In 1989 former adman Peter Mayle wrote a book about how he left the rat race behind and started a new life in France. A Year in Provence was its name and this humorous memoir set the tone for the TV series that followed, starring John Thaw as the escapee to the good life. Though director Alan Parker had been at the Ogilvy agency where Mayle was the UK’s creative head, it was another UK former commercials director, Ridley Scott, who decided to turn Mayle’s novel, about a stockbroker who gets fired and then inherits a vineyard from his uncle, into a film. And Scott stays true to type, laying on the warm amber filtration reminiscent of advertisements for reassuringly expensive French lager (Stella Artois is in fact Belgian, but that never seems to bother advertisers), while drafting in Russell Crowe to play the London City brute who learns of his bequest and heads off to Provence, which he hasn’t visited since he was a child. Once there, he continues his career as an utter bastard and prepares to sell the vineyard off, against the objections of his uncle’s loyal retainers. Surprisingly, things don’t pan out the way Crowe’s Max planned. Of course they don’t – surprises are the last thing Scott, Crowe and Mayle are serving up in this soufflé of stereotypes. Judged against Scott classics such as Alien or Blade Runner, A Good Year is never going to make the cut. But seen as a “holiday” movie for all concerned – Scott, it turns out, is Mayle’s near neighbour in Provence – it’s a pleasant piece of duvet viewing spiked with performances by the likes of Albert Finney (Max’s much loved uncle), Abbie Cornish (as Max’s long-lost cousin, who might want a slice of the estate) and Marion Cotillard (the local waitress Max falls for) which make it more than it might have been.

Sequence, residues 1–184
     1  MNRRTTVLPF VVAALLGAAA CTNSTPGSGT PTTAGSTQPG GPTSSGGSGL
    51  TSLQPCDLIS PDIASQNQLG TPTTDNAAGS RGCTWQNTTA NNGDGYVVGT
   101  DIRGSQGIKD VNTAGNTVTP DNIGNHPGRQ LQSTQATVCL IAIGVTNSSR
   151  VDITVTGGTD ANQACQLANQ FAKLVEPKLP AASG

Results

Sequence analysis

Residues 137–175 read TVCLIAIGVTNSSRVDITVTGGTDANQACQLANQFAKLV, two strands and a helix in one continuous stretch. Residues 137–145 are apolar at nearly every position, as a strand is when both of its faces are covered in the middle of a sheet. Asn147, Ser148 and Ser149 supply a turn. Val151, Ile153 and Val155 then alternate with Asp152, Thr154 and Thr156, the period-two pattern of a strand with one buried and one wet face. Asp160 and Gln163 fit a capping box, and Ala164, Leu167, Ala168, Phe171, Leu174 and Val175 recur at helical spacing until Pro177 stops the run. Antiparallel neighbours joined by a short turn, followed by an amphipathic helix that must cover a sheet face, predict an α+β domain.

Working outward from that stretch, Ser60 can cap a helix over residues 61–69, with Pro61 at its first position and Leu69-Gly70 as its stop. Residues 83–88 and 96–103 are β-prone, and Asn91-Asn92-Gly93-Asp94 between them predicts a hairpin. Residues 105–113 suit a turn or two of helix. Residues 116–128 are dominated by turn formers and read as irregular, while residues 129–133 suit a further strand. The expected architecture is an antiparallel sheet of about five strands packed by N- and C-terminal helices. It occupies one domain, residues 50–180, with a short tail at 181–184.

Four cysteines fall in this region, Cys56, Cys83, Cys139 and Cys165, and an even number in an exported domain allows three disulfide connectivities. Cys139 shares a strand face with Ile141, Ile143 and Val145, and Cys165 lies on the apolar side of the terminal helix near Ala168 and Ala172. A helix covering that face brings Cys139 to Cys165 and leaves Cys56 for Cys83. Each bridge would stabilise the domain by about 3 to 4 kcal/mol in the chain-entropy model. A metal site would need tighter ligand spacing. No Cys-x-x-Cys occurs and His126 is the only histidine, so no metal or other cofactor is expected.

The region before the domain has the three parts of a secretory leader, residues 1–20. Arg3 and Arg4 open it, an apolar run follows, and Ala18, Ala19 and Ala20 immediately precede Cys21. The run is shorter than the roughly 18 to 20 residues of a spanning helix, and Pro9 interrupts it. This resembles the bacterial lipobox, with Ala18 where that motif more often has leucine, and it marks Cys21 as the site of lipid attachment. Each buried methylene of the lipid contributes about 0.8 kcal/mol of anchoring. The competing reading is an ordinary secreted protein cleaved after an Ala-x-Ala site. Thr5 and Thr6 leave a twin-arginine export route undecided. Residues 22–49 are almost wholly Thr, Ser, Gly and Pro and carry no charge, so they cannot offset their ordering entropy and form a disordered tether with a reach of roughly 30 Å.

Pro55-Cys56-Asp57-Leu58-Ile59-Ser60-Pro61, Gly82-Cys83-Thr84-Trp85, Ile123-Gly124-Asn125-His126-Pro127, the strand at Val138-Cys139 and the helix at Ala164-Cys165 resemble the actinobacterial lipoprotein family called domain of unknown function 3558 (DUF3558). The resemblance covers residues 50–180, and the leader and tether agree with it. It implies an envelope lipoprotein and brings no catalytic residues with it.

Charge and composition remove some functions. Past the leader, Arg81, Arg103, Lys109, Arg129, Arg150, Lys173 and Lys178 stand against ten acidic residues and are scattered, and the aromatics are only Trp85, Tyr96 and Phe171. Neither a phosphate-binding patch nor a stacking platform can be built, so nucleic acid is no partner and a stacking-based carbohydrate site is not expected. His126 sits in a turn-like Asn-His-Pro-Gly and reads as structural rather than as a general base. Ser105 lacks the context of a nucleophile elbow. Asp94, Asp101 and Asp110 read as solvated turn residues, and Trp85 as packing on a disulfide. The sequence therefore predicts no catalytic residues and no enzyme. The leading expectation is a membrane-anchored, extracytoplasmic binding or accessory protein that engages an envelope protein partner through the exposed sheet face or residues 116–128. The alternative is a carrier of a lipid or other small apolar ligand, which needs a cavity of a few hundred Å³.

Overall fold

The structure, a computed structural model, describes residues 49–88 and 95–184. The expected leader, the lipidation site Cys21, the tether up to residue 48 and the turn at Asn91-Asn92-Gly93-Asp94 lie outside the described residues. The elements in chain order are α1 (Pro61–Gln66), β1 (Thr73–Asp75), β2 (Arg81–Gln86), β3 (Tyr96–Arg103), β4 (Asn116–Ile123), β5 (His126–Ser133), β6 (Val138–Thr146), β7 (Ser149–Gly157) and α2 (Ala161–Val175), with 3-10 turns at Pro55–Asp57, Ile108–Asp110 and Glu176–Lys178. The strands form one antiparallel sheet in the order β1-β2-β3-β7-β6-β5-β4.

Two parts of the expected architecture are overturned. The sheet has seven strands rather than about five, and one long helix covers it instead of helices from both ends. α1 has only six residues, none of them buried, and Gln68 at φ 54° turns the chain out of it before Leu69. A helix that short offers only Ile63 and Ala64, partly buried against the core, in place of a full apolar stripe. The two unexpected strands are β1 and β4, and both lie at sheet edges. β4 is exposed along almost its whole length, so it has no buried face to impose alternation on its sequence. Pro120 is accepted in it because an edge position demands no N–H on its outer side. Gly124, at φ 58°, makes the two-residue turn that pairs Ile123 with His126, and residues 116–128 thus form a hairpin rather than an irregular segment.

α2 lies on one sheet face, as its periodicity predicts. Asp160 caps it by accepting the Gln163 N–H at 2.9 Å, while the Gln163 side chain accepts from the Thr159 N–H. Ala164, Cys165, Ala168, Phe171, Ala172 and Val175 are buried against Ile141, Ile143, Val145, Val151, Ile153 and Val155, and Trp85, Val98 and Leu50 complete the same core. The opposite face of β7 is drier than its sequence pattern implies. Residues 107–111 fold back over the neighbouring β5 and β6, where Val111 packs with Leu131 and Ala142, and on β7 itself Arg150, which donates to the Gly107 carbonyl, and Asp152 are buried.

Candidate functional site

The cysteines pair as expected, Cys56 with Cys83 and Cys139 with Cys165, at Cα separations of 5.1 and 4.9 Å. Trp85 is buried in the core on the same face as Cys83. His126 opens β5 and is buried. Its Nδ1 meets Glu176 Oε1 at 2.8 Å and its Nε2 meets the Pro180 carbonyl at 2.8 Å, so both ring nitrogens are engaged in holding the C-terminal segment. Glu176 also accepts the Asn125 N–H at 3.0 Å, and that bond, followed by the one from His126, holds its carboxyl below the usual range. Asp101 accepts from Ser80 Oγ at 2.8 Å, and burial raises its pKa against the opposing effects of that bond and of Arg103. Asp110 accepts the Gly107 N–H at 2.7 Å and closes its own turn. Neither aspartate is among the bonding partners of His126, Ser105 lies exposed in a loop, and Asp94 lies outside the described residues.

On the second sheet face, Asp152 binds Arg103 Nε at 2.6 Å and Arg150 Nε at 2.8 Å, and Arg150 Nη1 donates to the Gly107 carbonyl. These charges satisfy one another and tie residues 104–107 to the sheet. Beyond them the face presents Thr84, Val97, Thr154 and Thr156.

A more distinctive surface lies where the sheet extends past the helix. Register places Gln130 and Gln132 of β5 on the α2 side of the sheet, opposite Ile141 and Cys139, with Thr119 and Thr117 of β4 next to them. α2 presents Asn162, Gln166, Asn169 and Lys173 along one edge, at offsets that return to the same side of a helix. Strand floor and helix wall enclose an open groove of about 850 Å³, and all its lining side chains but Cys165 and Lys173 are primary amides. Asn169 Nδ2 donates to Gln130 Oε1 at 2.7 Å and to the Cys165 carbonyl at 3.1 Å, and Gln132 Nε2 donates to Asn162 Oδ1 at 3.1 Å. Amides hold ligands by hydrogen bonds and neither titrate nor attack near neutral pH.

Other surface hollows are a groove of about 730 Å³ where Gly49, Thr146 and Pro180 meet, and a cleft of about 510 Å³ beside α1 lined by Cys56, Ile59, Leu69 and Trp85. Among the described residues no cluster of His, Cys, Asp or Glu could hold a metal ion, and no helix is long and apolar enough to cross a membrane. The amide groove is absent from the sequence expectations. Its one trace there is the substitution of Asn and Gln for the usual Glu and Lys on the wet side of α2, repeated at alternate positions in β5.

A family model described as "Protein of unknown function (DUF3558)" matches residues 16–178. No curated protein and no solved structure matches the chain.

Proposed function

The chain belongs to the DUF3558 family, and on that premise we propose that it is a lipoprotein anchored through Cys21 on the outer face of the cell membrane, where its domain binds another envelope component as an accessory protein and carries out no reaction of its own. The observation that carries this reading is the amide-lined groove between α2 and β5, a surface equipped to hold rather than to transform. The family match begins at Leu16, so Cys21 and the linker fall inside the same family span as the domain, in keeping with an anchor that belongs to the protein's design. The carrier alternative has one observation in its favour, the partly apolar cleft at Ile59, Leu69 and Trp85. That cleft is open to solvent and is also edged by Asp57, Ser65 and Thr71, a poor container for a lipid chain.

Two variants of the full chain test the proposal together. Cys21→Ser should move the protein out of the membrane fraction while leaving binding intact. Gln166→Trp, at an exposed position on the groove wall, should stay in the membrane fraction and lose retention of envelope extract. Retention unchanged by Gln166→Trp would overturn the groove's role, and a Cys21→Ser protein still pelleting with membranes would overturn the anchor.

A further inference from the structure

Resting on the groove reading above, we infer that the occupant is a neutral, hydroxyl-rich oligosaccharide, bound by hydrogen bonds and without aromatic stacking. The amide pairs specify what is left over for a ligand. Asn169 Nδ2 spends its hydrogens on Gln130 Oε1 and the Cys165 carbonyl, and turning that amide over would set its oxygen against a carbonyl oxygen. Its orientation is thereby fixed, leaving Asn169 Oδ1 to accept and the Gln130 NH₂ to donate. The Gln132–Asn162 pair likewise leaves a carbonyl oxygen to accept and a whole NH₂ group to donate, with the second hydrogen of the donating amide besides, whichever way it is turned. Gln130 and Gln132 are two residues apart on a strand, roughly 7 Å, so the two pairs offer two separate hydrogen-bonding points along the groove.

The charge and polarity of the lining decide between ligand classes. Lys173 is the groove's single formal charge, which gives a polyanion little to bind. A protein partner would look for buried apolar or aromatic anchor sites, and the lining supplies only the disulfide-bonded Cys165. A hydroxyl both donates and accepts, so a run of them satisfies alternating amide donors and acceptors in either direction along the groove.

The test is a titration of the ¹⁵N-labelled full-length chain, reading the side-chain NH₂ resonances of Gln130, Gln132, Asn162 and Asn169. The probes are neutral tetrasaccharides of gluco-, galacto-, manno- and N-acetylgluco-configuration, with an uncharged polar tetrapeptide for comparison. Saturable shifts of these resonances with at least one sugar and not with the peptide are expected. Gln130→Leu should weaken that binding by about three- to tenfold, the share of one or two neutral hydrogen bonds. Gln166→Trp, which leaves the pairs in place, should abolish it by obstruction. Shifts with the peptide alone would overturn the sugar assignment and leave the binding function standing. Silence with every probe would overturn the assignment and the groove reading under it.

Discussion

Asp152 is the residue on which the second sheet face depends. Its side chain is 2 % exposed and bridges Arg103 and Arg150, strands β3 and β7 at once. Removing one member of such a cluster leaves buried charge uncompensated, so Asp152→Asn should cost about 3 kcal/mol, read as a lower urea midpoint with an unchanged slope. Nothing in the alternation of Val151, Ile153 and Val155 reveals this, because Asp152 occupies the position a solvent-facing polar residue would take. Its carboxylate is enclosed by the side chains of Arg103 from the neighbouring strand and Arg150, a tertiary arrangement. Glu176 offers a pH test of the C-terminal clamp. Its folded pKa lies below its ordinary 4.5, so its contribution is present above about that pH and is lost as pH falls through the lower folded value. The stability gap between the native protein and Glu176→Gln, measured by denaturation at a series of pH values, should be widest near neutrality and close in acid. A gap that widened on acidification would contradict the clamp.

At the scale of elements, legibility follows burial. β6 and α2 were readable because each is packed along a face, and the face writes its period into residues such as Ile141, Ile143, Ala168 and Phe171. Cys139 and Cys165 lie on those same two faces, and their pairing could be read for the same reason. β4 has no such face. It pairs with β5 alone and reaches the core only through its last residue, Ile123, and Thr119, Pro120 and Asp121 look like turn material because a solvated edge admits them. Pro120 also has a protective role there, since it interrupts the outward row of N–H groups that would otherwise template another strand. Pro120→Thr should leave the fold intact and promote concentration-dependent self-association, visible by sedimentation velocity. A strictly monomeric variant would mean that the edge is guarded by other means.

A Good Year – Watch it now at Amazon